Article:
I’m all for over-the-top insanity in my action games. I can appreciate ridiculous amounts of flashy, highly stylized combat mixed with a dash of twisted craziness. If I take on a giant squid and a whole lot of nasty crap happens, I’m gonna giggle. Anarchy Reigns is aptly named and you likely won’t find a game that exhibits more in the way of chaotic, ceaseless battle, which is clearly this title’s primary selling point. However, with a lackluster story, a somewhat disappointing multiplayer component, and a surprising lack of a challenge, the game falls a little short of expectations.
There’s a fair amount of fantastic design and imagery in Platinum’s latest. The designers did a great job of creating hordes of unique and appropriately intimidating enemies that are totally out of this world, and the special effects are impressive. It’s just not as polished as one would hope; even a ton of stylish goodness doesn’t allow this visual presentation to qualify as elite. There are also a few graphical miscues here and there and I’m not the biggest fan of some of the character designs. That’s mostly subjective, though, and for the silly amount of on-screen action, the developers do a fine job of generating a palette that leaps off your screen.
As one might expect, the audio effects are good and the soundtrack isn’t bad, but the acting leaves plenty to be desired. Thankfully, if you intend to mostly enjoy the game online, you’ll hear the best of what Anarchy ’s sound has to offer. There’s a minor balancing issue and again, the score – which has its moments – is going to be a very subjective aspect. I say the effects can be a little repetitive, much like the majority of the game, but they remain mostly clear throughout. And besides, the effects accompanying your most brutal attacks really pack a punch; it’s most satisfying to both see and hear the fruits of your labor.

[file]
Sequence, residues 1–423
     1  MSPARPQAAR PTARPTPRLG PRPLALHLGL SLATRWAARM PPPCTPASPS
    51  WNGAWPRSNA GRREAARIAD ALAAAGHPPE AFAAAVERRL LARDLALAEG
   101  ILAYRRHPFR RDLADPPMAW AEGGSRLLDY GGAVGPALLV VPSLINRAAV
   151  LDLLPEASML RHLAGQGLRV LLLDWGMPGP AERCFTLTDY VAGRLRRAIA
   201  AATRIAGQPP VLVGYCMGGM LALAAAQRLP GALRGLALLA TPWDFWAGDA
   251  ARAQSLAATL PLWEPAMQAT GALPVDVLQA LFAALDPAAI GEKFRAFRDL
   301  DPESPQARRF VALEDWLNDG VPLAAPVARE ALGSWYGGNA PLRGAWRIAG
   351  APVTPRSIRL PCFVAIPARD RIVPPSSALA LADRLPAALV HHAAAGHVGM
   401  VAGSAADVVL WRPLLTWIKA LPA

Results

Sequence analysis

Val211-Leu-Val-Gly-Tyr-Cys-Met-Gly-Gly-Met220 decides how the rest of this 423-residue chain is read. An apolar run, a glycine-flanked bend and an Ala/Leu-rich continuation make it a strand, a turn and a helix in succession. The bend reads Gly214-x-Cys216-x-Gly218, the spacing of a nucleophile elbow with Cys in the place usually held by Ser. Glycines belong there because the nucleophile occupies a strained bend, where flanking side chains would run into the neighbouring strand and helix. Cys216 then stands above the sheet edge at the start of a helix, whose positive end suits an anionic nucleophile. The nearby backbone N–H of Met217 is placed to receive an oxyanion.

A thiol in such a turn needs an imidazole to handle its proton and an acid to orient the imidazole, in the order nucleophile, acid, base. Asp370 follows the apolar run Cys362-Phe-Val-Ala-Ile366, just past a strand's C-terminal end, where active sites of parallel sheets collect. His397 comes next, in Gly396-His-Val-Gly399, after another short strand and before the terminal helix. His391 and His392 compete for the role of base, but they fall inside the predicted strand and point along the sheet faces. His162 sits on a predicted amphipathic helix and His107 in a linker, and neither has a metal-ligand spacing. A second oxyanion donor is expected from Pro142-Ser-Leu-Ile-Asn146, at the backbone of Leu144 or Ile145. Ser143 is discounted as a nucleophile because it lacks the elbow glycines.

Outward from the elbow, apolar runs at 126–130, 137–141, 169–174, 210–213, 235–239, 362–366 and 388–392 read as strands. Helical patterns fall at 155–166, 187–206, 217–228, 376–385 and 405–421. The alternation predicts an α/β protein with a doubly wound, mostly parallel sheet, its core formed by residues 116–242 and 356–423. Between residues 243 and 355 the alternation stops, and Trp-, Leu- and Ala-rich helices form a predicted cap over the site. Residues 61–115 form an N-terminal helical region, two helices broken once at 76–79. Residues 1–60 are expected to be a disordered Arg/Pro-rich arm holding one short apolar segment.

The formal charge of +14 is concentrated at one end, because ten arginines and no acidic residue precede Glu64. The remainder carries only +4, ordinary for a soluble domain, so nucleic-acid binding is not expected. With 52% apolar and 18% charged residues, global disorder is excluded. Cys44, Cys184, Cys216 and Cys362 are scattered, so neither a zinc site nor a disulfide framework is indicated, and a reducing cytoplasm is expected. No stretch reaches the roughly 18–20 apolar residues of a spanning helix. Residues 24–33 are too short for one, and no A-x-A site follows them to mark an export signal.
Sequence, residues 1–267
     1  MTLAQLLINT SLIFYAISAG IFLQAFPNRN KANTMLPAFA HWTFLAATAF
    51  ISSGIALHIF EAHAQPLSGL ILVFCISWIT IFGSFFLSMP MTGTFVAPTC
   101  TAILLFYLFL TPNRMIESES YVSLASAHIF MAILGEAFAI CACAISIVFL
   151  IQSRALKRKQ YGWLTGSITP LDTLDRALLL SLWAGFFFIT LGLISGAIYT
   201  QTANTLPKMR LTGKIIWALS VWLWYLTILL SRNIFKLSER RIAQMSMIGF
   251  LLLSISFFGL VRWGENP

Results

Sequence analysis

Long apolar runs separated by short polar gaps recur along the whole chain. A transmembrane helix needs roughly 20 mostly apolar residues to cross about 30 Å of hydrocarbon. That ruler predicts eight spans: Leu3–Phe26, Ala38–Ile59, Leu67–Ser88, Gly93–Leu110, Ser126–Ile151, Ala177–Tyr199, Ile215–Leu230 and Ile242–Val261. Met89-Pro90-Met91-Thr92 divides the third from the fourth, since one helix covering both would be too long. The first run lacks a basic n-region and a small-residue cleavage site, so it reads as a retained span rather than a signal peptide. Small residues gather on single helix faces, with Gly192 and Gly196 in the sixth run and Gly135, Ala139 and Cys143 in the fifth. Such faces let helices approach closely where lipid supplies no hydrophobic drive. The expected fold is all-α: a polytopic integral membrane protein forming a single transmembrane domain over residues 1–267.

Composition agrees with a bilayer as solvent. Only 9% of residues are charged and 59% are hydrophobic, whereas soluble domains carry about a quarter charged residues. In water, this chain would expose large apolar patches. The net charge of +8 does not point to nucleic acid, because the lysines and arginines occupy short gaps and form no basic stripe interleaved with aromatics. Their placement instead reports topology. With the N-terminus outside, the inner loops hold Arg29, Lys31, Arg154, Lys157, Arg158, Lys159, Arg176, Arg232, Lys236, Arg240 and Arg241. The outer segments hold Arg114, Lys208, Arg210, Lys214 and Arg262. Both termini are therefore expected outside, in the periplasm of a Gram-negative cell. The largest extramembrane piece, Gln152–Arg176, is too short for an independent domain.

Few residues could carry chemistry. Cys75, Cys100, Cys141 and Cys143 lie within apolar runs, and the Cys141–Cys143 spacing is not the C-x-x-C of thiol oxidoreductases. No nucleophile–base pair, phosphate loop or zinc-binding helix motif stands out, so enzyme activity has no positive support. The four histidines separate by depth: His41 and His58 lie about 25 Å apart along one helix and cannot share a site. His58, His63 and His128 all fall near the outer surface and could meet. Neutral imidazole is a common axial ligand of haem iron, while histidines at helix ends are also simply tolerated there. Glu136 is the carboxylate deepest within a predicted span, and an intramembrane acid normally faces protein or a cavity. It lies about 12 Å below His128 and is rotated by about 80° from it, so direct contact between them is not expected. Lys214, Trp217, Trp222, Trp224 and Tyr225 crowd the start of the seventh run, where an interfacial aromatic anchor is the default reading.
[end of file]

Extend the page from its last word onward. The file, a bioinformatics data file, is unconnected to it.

This game is all about combat. You probably guessed that by checking out any number of gameplay videos and trailers that have been bouncing around for the past year or so. After all, this title was delayed several times and now that it’s finally here, it can be awfully entertaining to whip the snot out of some of the most ludicrous creatures you’ve ever seen. That being said, a lot of what makes Anarchy Reigns fun is overshadowed by the shortcomings, which are unfortunately quite obvious. The game just feels too one-dimensional throughout and the multiplayer, which I expected to be a potentially innovative highlight, is sorta ho-hum and underwhelming.
However, despite all the marketing and advertising that focused strongly on the multiplayer component, there is a story for the campaign-inclined. If you’re familiar with Madworld (which released for the Nintendo Wii in March 2009), you’ll know the protagonist in Platinum’s latest: It’s Jack Cayman, that same wacked-out main character who teams up with Leonhardt “Leo” Victorion and sets out to hunt down a notorious fugitive, Maximillian Caxton. Caxton is cybernetically enhanced and for some reason, his brain has taken a long walk off a short pier and innocents are dying by the dozens. Unfortunately for this guy, one of those innocents was Cayman’s daughter.
It’s clichéd but mildly interesting and if Platinum had put more effort into fleshing out various characters and story angles, it could’ve been a strong script. But really, it’s anything but strong. The dialogue is bad to the point of being comical and some of it is so stupid, it’s downright painful. You often lose the main thread of the plot as you progress, mostly because the way this story unfolds is confusing and erratic. The only upside is that due to the fact that the gameplay takes center-stage throughout, you care very little about what’s going on behind the scenes. Even Vanquish had a more cohesive and relatively intriguing story.